The classification of disease began as a statistical study of disease.
This post looks back to the past from 1853 when William Farr (1807–1883) who was a medical statistician of the the General Register Office of England and Wales, laboured to use this imperfect classifications of disease available at the time. With the progress of preventive medicine and to embody the advances of medical science, Farr worked to secure better classifications and international uniformity in their use. Farr’s model survived as the basis of the International List of Causes of Death.
In 1983, The Bertillon Classification of Causes of Death by Jacques Bertillon (1851–1922), Chief of Statistical Services of the City of Paris was adopted as the revision to the International List of Causes of Death.
Revisions to The Bertillon or International List of Causes of Death were carried out in 1900 (ICD 1), 1910 (ICD 2) and 1920 (ICD 3).
With the lack of leadership after Bertillon’s death in 1922 and in preparation for subsequent revisions, the International Statistical Institute and the Health Organization of the League of Nations – which had taken an active interest in vital statistics, cooperated and prepared the expansion in the rubrics of the 1920 International List of Causes of Death into the Fourth (1929) and the Fifth (1938) revisions of the International List of Causes of Death.
The classification of disease remained almost wholly in relation to cause-of-death statistics.
But there was a growing need for a corresponding list of diseases, a classification of diseases for morbidity statistics.
Farr had actually recognised back in 1855 that it was also desirable to extend the cause-of-death statistics system for morbidity. It is interesting to note that 5 years later in 1860, Florence Nightingale urged the adoption of Farr’s classification of diseases for the tabulation of hospital morbidity in the paper, “Proposals for a uniform plan of hospital statistics”. Subsequently, all three revisions of ICD 1, ICD 2 and ICD 3 had adopted a parallel classification of diseases for use in statistics of sickness, however this parallel classification failed to receive general acceptance.
The International Classification of Diseases, Injuries, and Causes of Death as a single list was endorsed by the First World Health Assembly in 1948 as ICD 6. This list provided for the first time a common base for comparison of morbidity and mortality statistics that greatly facilitates coding operations.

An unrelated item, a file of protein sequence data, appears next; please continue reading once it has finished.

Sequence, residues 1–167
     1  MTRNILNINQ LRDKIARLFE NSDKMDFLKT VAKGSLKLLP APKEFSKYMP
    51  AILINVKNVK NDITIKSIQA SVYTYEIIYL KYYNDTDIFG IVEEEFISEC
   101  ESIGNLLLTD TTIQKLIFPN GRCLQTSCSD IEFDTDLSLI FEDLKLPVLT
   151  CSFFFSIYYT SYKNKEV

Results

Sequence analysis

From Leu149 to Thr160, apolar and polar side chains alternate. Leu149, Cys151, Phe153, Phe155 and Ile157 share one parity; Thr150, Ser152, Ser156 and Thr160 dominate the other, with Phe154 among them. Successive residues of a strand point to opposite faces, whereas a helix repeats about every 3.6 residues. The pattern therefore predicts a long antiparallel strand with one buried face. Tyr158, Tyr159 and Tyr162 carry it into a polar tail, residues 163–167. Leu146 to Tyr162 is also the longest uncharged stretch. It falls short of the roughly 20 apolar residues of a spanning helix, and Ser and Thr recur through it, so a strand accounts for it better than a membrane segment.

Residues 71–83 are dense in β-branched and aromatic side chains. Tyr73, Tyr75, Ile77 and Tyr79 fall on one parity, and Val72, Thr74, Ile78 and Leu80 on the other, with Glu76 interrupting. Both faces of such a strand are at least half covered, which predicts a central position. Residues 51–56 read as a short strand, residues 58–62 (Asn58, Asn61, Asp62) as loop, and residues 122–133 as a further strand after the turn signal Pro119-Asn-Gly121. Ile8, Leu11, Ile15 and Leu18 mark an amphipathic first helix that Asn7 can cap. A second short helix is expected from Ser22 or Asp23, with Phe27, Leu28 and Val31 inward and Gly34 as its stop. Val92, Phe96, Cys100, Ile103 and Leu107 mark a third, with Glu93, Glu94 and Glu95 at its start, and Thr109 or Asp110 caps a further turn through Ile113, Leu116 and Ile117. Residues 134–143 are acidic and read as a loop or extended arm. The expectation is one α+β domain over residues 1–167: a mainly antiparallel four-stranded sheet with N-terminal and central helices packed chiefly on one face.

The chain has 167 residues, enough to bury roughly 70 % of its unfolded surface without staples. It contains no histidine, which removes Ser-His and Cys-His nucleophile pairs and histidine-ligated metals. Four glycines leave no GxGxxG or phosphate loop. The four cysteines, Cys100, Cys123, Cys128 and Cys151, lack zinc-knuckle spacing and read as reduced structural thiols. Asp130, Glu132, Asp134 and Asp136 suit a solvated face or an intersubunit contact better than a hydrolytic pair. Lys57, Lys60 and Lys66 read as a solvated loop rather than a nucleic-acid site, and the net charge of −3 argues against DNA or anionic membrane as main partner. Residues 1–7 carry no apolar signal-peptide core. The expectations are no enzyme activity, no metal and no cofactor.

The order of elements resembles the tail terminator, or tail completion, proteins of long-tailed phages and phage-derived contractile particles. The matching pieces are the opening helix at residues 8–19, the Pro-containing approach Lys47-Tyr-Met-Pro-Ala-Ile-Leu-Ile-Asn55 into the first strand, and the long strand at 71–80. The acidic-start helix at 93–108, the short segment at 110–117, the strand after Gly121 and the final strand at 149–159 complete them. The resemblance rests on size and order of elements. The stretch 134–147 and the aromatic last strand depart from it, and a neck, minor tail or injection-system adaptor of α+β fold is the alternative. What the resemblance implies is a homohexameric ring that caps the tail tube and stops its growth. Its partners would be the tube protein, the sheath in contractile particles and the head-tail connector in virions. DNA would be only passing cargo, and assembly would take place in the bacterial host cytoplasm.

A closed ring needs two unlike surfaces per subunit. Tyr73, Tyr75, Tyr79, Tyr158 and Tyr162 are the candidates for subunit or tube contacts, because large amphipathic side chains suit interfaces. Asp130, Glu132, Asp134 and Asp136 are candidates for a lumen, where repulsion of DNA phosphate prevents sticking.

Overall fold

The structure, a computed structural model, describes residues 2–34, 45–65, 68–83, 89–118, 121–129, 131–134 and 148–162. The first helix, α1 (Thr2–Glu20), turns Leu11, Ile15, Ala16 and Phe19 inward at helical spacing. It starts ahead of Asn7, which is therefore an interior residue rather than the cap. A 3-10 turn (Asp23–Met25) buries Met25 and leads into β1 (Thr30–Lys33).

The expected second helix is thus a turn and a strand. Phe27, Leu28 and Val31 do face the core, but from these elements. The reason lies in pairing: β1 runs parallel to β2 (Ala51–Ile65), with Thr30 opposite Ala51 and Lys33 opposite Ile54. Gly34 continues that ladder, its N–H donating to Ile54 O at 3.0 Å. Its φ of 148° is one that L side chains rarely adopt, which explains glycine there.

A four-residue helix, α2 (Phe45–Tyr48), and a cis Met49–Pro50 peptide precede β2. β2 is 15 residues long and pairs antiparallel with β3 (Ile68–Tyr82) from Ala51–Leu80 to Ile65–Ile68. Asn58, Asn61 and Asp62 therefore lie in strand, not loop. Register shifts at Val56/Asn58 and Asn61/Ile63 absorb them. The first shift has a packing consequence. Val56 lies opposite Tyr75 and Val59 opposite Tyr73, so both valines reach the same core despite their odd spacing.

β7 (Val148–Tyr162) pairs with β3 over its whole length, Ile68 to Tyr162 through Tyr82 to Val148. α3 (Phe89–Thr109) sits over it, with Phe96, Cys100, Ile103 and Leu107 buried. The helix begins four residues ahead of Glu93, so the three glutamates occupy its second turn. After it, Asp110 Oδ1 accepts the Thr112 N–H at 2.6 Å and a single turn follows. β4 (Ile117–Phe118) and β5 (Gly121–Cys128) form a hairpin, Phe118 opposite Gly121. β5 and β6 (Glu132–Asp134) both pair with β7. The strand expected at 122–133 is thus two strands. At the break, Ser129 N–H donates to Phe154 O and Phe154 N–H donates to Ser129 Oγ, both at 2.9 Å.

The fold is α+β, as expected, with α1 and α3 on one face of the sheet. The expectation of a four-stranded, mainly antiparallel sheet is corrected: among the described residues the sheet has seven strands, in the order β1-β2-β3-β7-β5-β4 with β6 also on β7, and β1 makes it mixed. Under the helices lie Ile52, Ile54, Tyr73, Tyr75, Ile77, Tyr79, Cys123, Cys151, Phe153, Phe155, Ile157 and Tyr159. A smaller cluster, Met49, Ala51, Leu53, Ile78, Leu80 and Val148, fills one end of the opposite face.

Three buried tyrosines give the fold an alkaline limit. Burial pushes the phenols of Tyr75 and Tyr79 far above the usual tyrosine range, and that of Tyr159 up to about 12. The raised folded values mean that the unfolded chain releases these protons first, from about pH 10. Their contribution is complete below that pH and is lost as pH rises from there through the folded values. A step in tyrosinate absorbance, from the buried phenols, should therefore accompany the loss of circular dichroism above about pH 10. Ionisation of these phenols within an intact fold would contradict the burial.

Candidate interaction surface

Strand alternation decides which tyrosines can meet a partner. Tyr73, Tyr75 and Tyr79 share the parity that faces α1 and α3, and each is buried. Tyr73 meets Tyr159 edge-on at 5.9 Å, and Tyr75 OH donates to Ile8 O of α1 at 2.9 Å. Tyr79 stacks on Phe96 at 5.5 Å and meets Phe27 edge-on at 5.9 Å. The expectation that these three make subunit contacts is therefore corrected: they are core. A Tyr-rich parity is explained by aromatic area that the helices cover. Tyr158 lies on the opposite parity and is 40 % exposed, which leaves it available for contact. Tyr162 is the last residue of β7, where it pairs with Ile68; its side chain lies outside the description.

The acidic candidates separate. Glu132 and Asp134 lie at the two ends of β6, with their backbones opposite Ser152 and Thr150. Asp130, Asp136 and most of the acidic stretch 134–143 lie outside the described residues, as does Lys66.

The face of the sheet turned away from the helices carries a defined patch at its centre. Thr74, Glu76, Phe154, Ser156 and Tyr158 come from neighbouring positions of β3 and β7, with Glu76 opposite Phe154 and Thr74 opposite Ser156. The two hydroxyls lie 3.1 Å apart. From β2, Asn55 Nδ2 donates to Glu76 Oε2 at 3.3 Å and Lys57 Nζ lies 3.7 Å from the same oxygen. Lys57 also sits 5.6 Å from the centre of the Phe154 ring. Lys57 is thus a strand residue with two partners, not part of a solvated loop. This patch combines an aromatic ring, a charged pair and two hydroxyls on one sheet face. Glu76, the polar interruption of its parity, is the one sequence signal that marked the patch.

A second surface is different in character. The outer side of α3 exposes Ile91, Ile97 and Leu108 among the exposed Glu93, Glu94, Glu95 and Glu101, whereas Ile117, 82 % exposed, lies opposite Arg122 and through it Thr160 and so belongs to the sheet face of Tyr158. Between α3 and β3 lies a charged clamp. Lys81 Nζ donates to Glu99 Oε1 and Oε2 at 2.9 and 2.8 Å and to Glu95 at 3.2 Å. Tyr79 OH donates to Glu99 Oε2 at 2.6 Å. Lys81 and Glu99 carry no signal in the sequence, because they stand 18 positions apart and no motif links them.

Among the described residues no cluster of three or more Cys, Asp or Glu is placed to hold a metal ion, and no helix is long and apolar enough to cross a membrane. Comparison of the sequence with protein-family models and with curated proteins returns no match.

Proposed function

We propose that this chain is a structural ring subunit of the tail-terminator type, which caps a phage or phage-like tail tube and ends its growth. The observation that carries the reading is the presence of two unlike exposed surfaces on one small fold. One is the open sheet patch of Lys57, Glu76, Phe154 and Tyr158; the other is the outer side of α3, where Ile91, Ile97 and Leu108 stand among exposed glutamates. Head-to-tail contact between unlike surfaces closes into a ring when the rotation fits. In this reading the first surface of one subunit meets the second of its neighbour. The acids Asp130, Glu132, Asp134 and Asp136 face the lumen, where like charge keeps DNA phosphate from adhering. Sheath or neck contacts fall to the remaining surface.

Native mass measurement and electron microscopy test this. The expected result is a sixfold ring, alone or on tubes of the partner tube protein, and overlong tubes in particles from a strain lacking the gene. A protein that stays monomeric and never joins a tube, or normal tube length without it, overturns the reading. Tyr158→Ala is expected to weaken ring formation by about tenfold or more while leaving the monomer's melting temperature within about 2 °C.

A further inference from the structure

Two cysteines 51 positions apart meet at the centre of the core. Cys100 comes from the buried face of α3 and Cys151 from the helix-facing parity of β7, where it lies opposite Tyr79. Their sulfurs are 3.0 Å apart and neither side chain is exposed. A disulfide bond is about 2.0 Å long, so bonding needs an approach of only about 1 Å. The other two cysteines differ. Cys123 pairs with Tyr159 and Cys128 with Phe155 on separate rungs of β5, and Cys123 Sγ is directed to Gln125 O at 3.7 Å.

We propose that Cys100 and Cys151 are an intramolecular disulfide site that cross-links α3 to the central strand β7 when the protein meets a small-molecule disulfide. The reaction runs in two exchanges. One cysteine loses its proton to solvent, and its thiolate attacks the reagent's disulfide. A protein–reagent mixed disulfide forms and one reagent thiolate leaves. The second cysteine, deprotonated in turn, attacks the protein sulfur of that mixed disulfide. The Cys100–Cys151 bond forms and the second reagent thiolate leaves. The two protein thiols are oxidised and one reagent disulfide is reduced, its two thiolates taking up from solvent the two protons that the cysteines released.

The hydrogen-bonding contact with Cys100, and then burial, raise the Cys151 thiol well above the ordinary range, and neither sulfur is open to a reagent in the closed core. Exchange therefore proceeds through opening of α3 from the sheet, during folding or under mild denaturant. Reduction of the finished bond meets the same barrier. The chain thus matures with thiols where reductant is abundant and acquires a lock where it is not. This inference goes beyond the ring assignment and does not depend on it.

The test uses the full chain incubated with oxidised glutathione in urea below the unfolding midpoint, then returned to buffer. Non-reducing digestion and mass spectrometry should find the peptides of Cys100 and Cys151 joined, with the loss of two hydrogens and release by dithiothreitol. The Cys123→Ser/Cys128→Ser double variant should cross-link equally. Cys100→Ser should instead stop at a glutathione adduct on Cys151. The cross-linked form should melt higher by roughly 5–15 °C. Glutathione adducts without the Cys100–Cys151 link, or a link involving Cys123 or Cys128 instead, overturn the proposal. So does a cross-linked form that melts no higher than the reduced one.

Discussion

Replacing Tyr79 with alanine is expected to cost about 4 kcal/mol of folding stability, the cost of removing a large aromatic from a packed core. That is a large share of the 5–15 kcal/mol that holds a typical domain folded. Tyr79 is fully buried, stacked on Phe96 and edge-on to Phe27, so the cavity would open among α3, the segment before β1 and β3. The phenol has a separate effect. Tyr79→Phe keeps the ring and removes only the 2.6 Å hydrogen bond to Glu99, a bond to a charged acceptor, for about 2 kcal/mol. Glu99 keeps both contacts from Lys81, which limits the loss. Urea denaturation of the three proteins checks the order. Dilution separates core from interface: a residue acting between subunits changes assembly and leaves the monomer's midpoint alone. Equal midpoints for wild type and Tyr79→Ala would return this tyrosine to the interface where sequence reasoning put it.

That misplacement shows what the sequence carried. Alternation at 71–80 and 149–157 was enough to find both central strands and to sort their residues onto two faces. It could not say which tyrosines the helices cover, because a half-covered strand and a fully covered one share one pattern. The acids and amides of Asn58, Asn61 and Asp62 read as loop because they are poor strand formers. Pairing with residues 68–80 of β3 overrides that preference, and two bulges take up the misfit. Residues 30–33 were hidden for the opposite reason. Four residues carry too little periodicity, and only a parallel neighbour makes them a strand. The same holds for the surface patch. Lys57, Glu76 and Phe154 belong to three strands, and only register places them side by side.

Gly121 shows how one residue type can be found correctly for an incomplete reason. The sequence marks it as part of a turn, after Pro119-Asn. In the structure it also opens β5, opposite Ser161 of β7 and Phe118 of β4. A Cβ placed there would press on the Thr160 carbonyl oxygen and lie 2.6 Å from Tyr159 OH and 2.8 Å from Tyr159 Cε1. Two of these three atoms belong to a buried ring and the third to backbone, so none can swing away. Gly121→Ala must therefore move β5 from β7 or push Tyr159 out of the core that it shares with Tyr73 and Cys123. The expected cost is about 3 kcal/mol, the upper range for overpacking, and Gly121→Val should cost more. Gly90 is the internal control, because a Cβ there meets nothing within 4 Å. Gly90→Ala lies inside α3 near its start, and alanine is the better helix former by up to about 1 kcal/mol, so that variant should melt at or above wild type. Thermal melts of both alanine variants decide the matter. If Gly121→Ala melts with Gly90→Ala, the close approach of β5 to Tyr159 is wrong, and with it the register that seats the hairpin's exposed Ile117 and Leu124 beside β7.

The Seventh Revision (ICD 7) and The Eighth Revision (ICD 8) of the International Classification of Diseases were revised under the auspices of WHO in 1955 and 1965 respectively.
The Ninth Revision (ICD 9) was accepted in 1975 and included the dagger and asterisk system as an optional alternative method of classifying diagnostic statements, including information about both an underlying general disease and a manifestation in a particular organ or site.
The Tenth Revision (ICD 10) was originally scheduled for 1985, following the established 10 year interval between revisions
The WHO decided to delay ICD 10 until 1993 as it then realised the great expansion in the use of the ICD which necessitated a thorough rethinking of its structure. The WHO needed to devise a stable and flexible classification, which should not require fundamental revision for many years to come.
ICD 11 is not due until May 2015 when it is due to be presented to the World Health Assembly. As of May 2011. the Open ICD-11 Alpha Browser was open to the public for viewing and for commenting in July 2011. The ICD-11 Beta version was open to the public in the ICD revision process to make comments, make proposals, to change ICD categories, participate in field trials and assist in translating.
Below is an infographic (you can view a larger image by first clicking on the image below which will open in a new tab of your current window and then clicking again on the image in the new tab) I have designed as a display in a showcase way of all the past revisions of ICD leading to ICD 11 expected in 2015.
With the historical background of ICD and the run-up to ICD 11, I present this post as a pre-cursor to the previous post ICD 10 & ICD 11 Development – How, What, Why & When (this link will open in a new tab of your current window) and for my coming posts on ICD 11.
International Statistical Classification of Diseases and Related Health Problems, Volume 2 Instruction manual 2011, 2010 edn, World Health Organization, Geneva, Switzerland
World Health Organization, 2012, Classifications, viewed 18 December 2012, < http://www.who.int/classifications/icd/revision/timeline/en/index.html >